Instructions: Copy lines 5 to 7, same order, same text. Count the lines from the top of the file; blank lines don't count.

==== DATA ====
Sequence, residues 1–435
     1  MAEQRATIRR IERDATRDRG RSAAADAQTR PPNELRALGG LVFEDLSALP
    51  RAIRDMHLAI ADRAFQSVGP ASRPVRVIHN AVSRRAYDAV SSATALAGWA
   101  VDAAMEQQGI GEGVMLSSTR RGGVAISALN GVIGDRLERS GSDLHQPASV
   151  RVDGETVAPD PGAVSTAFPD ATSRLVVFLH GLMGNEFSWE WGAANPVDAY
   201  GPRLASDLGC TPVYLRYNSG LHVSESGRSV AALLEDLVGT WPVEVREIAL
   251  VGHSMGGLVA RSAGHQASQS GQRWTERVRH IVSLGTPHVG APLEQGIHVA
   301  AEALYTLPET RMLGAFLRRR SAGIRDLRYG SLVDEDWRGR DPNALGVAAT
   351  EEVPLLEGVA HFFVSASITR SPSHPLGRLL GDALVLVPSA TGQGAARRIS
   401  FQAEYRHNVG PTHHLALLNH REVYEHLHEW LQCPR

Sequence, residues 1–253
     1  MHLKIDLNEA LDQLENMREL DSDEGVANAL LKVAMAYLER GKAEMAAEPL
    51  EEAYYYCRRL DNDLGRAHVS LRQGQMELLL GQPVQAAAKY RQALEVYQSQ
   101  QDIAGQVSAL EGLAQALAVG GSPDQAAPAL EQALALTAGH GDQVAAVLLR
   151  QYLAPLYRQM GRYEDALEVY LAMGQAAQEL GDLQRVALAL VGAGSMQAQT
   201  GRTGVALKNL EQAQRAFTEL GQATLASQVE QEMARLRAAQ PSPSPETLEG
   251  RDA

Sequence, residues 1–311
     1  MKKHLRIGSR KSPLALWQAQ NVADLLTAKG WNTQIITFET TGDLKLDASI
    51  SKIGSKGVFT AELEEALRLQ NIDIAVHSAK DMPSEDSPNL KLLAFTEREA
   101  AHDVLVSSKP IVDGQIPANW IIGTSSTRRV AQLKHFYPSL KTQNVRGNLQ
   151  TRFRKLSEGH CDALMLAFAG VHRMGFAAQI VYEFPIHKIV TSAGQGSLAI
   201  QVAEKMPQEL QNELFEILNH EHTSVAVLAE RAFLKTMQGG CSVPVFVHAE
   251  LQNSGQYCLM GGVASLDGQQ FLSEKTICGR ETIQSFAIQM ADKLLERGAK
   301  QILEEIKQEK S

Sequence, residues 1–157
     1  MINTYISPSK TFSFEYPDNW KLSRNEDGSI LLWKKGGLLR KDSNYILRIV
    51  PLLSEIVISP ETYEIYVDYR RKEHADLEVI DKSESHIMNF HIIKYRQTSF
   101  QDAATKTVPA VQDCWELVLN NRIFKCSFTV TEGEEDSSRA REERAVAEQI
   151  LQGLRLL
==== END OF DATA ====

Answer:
   151  RVDGETVAPD PGAVSTAFPD ATSRLVVFLH GLMGNEFSWE WGAANPVDAY
   201  GPRLASDLGC TPVYLRYNSG LHVSESGRSV AALLEDLVGT WPVEVREIAL
   251  VGHSMGGLVA RSAGHQASQS GQRWTERVRH IVSLGTPHVG APLEQGIHVA